When we talk about the cell size, we
usually think of RF coverage first. The cell radius is also related to the parameter
configuration for the random access procedure, such as the preamble format and
cyclic shift. Let's look at the preamble format here.
In LTE, the random access procedure is
non-synchronized, which means the UE which initiates the random access
procedure is not uplink synchronized yet (It is, however, already downlink
synchronized). So the random access
procedure of this UE should not interfere the uplink transmission of other
already uplink synchronized UEs.
Figure 1 shows the mapping of the
PRACH (Physical Random Access Channel) to physical resources. The PRACH
occupies 6 PRBs in the frequency domain and spans 1 or 2 or 3 subframes in the time
domain, depending on the specific preamble format. In the frequency domain,
several subcarriers at both ends of the 6 PRBs are not used to avoid
interference with the adjacent PUCCH/PUSCH. In the time domain, the cyclic
prefix (CP) and guard time (GT) are used to avoid interference with the
previous and next subframes. As it turns out, the GT determines the maximum
Figure 1: Resource Mapping of PRACH
(Physical Random Access Channel)
is the GT related to cell radius? Assume there are 3 UEs in the cell, located
near the center of the cell, in the middle of the cell, and at the cell edge,
respectively. Assume that all of these 3 UEs are not yet UL synchronized and are
about to perform a random access. The RACH configuration information is
transmitted in the DL. All UEs listen to it and send RACH preambles in the same
subframe. For UE3 at the cell edge, its RA preamble arrives at the eNB later
than UE1's preamble. The maximum delay between UE3 and UE1 is the round trip
delay (RTD) between the eNB and the cell edge, which is determined by the guard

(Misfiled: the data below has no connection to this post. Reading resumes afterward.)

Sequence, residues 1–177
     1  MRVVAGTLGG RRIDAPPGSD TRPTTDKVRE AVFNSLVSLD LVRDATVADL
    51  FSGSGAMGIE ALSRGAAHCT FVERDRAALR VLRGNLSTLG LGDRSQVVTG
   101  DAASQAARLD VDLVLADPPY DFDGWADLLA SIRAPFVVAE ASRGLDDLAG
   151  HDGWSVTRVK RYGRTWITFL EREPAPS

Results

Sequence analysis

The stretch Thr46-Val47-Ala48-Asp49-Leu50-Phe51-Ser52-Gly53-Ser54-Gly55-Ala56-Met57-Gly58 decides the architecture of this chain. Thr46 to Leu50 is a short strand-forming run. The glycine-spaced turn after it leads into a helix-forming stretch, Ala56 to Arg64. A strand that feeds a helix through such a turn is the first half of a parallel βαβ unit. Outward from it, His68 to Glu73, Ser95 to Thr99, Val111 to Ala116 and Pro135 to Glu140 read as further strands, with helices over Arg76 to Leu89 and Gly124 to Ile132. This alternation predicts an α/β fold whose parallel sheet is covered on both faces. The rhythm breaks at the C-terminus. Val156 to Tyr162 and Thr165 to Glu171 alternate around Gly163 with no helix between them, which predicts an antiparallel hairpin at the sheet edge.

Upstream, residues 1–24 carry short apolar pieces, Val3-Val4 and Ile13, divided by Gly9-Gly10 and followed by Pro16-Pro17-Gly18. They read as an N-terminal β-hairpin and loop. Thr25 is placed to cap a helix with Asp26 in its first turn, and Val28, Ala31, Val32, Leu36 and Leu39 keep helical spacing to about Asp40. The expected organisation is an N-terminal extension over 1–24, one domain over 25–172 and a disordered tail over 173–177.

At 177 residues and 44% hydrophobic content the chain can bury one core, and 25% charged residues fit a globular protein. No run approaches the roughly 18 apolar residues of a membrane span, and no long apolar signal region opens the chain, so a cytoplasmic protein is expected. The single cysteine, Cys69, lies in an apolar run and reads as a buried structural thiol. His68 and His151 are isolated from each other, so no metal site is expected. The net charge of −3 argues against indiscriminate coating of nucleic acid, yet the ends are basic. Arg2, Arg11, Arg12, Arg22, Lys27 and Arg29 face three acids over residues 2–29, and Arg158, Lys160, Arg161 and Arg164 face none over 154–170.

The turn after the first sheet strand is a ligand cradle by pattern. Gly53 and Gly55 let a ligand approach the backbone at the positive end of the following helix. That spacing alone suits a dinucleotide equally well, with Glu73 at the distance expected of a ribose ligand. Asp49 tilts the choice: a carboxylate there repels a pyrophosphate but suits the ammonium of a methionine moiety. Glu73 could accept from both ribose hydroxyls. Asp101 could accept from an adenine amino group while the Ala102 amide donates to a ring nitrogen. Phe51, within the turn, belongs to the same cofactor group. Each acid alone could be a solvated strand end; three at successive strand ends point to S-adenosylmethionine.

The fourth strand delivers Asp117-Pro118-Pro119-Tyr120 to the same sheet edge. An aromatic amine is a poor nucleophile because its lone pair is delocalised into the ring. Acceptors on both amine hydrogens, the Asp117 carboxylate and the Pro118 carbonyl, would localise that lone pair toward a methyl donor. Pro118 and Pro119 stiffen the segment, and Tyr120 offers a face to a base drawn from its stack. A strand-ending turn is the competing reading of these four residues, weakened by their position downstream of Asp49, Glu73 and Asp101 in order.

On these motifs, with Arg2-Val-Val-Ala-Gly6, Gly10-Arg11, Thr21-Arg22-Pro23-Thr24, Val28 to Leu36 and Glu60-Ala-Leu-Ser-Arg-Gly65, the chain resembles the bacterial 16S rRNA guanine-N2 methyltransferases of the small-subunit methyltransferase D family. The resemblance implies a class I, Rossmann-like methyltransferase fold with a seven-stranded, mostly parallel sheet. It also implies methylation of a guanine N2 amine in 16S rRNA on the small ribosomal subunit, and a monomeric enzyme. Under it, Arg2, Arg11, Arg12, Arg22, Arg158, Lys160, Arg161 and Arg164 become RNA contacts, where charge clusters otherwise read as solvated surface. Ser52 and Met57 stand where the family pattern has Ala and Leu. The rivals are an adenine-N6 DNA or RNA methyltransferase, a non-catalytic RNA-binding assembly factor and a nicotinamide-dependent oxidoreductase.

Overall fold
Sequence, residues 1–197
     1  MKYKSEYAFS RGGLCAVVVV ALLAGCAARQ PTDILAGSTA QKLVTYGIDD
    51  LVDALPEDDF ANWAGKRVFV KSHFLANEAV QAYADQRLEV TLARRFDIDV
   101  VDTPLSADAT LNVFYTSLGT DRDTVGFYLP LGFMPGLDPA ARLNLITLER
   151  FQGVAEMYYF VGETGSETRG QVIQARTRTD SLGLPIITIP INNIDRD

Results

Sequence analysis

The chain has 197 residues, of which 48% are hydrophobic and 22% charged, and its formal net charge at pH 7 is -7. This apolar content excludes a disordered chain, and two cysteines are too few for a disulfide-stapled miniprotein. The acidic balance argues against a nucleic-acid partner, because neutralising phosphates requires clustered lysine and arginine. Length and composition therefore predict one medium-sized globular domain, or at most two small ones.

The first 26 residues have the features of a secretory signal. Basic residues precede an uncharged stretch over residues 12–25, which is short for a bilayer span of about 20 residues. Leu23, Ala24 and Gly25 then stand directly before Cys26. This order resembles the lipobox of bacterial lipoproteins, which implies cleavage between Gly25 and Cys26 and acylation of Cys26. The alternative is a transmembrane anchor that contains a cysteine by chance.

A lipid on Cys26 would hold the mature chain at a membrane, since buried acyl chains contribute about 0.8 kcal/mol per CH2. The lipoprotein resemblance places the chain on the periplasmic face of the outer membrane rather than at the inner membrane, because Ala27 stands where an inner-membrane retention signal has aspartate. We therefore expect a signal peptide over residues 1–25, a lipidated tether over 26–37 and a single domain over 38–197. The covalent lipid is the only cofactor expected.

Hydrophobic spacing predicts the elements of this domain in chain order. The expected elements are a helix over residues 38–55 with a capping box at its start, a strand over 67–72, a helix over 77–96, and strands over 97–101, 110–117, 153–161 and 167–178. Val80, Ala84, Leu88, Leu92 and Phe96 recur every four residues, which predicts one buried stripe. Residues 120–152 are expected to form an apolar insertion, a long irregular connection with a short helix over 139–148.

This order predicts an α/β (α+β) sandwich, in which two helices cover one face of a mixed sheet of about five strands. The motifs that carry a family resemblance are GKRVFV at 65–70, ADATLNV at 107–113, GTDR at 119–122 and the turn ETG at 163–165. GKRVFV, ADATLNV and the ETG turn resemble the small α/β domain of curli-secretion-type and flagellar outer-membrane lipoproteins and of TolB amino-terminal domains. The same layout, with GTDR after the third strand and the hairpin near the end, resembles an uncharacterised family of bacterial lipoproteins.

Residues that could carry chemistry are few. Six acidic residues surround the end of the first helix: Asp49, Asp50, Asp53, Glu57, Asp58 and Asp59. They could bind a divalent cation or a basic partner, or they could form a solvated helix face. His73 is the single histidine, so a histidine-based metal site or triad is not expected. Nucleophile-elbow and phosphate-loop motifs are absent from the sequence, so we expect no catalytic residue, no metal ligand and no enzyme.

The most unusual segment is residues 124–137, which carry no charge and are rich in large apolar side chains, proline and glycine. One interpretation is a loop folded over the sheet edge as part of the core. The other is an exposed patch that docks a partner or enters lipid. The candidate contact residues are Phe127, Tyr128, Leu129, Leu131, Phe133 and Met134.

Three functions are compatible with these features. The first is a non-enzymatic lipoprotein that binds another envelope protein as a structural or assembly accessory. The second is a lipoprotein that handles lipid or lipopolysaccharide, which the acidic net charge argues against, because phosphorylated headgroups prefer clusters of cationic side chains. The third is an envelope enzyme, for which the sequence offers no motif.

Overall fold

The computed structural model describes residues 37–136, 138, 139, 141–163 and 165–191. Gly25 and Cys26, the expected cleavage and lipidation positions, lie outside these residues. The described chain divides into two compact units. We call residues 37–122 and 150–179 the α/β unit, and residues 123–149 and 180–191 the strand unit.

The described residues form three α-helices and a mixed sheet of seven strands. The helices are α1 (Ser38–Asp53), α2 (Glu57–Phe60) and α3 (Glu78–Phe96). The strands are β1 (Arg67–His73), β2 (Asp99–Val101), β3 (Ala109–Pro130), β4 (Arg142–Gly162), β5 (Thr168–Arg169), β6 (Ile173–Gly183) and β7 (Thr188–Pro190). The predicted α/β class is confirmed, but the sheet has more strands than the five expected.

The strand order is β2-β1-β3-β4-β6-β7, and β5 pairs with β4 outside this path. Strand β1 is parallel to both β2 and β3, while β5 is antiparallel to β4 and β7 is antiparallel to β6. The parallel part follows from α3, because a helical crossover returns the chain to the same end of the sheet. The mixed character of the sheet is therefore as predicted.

time in the expected preamble receive window at the eNB. We can calculate the
cell radius based on the GT.
Figure 2: Guard Time (GT) vs. Cell Size
Preamble format is defined in LTE (3GPP TS 36.211, section 5.7).
Figure 5.7.1-1: Random access preamble format.
5.7.1-1: Random access preamble parameters.
Where Ts is the basic time unit in
LTE, Ts = 1/(15000*2048) s = 3.25521 X 10^(-5) ms.
we get the guard time from the number of subframes occupied by the PRACH, the
time to transmit cyclic shift, and the time to transmit preamble sequence. In
figure 3, it is obvious that the preamble format 0 and preamble format 1 have
different guard times, which means they support different maximum cell sizes.
Figure 3: Calculation of Guard Time
can derive the cell radius from the guard time.
Figure 4: Calculation of Cell Radius based on Guard Time
have calculated the cell radius for preamble format 0 and preamble format 1 in
the spreadsheet below, where the equation (1) in Figure 3 is used to calculate
guard time and the equation (2) in Figure 4 is used to calculate cell radius. Please
calculate the cell radius for Format 2 and 3. Have fun!
Table 1: Cell Radius vs. Preamble Format
Answers: (Format 2: ~30 km, Format 3: ~107
So it seems that the cellRadius is a function of preamble format - in that case, why would both cellRadius and preamble format be a variable that an operator would be able to change independently? Though the vendor only allows an operator to select a cellRadius <= the maximum distance per the above table, in what case would you set for preamble format to 0, and cellRadius to < 14 km? Would a UE outside of the set cellRadius simply not get UL synchronized?
is this Valid or a TYPO???
"In the frequency domain, several subcarriers at both ends of the 6 PRBs are NOT used to avoid interference with the adjacent PUCCH/PUSCH. In the time domain, the cyclic prefix (CP) and guard time (GT) are used to avoid interference with the previous and next subframes. As it turns out, the GT determines the maximum cell radius